Saddle up for Time Out’s in-depth guide to the most rootin’, tootin’ film genre of them all – the western. From golden age classics to hard-hitting revisionist dramas plus a hearty helping of spaghetti, here are 50 films to make you yearn for the days when men were men, women wore bonnets and guns were the only law…
Director: Peter Fonda
Cast involved: Peter Fonda, Warren Oates, Verna Bloom
Living the dream
Jesus may have not packed a six-gun, or spent most of his wages being ‘entertained’ in the back rooms of a border town saloon by some chiffon-clad minx called Saucy Sue, but there are mythic, quasi-religious allegories everywhere you look in the western genre.
One person who was clearly aware of this – and took full advantage of it – was Peter Fonda, who was able to direct this chilled-out fable of a hippified west – in which a band of weary travellers choose to re-embrace rustic minimalism – following the success of 1969’s ‘Easy Rider’.
It’s notable mainly for its incandescent, magic-hour photography care of cinematographer Vilmos Zsigmond (the skinny-dip opening scene is terrific) and the whispered exchanges between the key cast, Fonda, Warren Oates and Verna Bloom. But proceedings are hampered somewhat by the narcissism of its director-star, who can’t resist top-and-tailing so many scenes with a fashion-shoot-style self-portrait in which he adopts some angular pose and glances pensively into the middle distance like some Laurel Canyon messiah.
It’s an appealing take on the cowboy code of honour, even if it’s not technically ‘great’. DJ
Lonesome Dove (1989)
Director: Simon Wincer
Cast involved: Robert Duvall, Tommy Lee Jones, Danny Glover
Oh bury me not on the lone prairie
But, you cry, ‘Lonesome Dove’ is a TV mini-series, not a movie at all! Well, let’s look at the credentials. Adapted from a book widely considered the best ever written in the western genre, a book written by Larry McMurtry, author of ‘The Last Picture Show’ and ‘Terms of Endearment’, and starring not just Duvall in his prime, not just Jones and Glover on the verge of theirs, but a whole host of great movie character actors including Diane Lane, Frederic Forrest, Angelica Huston, Chris Cooper and William Sanderson, this is as cinematic as TV gets.
Sure, it was directed by a guy poised halfway between ‘DARYL’ and ‘Harley Davidson and the Marlboro Man’, but we’ll let that slide: in its epic emotional sweep, in its breadth of landscape and action in its depth of character and awareness of history, ‘Lonesome Dove’ is every bit as artistically valid as half the movies on this list – and it’s a damn sight more entertaining than most of ’em. TH
Director: Kevin Costner
Cast involved: Kevin Costner, Robert Duvall, Annette Bening
The simple life
It’s the bullets you remember. Kevin Costner’s terse, unshowy follow up to (and apology for?) ‘Dances with Wolves’ has lovely, soft-spoken dialogue and near-perfect characterisation, gorgeous period recreation and a darkly compelling sense of mounting intensity.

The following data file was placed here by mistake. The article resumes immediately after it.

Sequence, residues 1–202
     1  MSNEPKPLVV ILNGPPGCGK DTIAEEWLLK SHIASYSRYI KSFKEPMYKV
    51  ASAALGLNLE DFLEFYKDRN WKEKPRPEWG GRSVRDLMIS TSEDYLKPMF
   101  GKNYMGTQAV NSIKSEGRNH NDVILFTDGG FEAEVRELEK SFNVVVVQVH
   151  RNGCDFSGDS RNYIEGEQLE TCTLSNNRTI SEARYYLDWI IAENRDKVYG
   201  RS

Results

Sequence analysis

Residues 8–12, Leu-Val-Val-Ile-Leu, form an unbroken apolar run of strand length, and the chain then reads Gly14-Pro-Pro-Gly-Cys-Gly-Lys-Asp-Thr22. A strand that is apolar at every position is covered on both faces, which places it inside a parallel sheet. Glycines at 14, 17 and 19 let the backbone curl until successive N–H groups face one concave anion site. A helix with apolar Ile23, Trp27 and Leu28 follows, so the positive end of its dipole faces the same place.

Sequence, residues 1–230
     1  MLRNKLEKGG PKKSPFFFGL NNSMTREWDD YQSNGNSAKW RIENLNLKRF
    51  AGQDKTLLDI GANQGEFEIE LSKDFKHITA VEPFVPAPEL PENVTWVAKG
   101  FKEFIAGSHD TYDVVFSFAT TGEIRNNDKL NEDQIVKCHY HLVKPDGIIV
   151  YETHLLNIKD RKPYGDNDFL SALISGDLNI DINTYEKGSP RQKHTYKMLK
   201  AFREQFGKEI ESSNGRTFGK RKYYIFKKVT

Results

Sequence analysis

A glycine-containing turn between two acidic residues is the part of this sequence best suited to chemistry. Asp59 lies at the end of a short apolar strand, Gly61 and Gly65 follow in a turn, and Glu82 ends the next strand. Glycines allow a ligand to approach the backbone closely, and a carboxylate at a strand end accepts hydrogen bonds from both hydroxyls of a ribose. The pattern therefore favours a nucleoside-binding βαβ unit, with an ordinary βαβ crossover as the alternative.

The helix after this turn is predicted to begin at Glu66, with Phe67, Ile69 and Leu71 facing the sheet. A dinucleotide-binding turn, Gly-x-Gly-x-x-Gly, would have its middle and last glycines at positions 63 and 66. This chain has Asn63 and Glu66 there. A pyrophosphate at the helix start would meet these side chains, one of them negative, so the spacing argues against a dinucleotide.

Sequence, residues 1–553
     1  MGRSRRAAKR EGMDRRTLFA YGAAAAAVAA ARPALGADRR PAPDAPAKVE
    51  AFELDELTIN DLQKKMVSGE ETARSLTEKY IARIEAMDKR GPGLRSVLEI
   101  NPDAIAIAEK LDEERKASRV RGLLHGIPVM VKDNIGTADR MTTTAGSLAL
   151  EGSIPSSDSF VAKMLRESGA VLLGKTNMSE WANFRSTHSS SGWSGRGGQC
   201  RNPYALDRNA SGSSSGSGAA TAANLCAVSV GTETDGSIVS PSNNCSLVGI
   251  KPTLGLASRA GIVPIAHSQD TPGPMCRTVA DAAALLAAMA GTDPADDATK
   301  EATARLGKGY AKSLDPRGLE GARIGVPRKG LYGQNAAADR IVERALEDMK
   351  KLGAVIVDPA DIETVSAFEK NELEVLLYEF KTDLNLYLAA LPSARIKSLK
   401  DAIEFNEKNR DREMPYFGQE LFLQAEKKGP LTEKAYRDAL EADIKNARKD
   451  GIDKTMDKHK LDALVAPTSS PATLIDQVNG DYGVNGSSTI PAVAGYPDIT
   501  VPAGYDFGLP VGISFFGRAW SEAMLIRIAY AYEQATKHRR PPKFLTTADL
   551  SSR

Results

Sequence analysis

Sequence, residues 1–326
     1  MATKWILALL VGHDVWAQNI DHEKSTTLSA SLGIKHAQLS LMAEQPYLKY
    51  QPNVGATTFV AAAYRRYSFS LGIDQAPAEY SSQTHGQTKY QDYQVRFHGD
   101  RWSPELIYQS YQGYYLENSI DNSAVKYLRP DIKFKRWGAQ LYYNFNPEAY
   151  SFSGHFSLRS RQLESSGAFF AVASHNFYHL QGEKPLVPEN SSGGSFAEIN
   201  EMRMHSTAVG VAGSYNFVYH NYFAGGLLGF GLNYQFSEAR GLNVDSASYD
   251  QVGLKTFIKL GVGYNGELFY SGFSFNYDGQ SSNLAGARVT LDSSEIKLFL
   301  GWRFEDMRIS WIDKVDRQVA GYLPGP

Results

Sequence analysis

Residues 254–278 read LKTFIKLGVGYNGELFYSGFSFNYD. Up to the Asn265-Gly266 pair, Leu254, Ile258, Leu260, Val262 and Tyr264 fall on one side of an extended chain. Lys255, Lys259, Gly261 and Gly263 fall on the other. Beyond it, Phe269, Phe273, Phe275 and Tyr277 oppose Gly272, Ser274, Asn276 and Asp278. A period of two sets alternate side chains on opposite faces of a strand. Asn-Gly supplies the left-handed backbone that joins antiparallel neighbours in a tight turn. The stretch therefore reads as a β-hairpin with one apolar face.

But what really sticks in the mind are the sound effects he used for the final showdown: eschewing the usual polite Hollywood popguns, these weapons feel close, real, rusty and unpredictable.
It’s just one of the many fine, honest, unostentatious touches which pepper this unsung modern western, a film which, for all its apparent lack of ambition and easygoing charm, leaves an unexpectedly deep impression. TH
Director: Michael Winterbottom
Cast involved: Peter Mullan, Milla Jovovich, Wes Bentley
The life and death of a man of character
Less a spaghetti western than a ploughman’s western (honk!), Michael Winterbottom’s wintry morality play relocates Thomas Hardy’s ‘The Mayor of Casterbridge’ from Wessex to the West Coast to startling effect. Wes Bentley – wooden but, for once, quite winning – plays a railroad surveyor newly arrived in Irish immigrant Peter Mullan’s northern Californian fiefdom of Kingdom Come (you can hear the fates conspiring already!) to assess whether the Central Pacific is fit to pass through.
The enormous boon this might generate for Mullan and the town inspires dirty politicking, gut-wrenching revelations, a swooning love story, thunderous shootouts and an impossibly moving climax. Modern sensibilities hold sway throughout, and it’s an undeniably European take, but this is still a fine western in the most classic sense. ALD
Director: Frank Perry
Cast involved: Jeff Bridges, Sam Waterston, Slim Pickens
’Til the end of the day
‘Oh, give me a home with a low-interest loan, a cowgirl and two pick-up trucks. A colour TV, all the beer should be free. And that, man, is Rancho Deluxe!’ The ’70s produced a gold rush of moseyin’, mournful modern-day westerns such as Paul Newman and Lee Marvin’s broke-ass last cattle drive ‘Pocket Money’ and easy-going Steve McQueen rodeo lament ‘Junior Bonner’ – films in which the cowboy way continued to exist only as a dodge for forgotten men or as a fading carnival sideshow.
The feel was invariably elegiac, yet the film that edges them both off our list, the marvellous ‘Rancho Deluxe’, achieves a tone close to mockery. Scripted by Thomas McGuane – writer of ‘The Missouri Breaks’ and ‘Tom Horn’ – and starring Jeff Bridges and Sam Waterston as a couple of smaller-than-small-time Montana rustlers, it’s a sweet, strange, sad little film that presents the west as a nine-to-five refuge for throwbacks, affected playboys and the outright deluded, all stung by the realisation that the chairs are on the tables.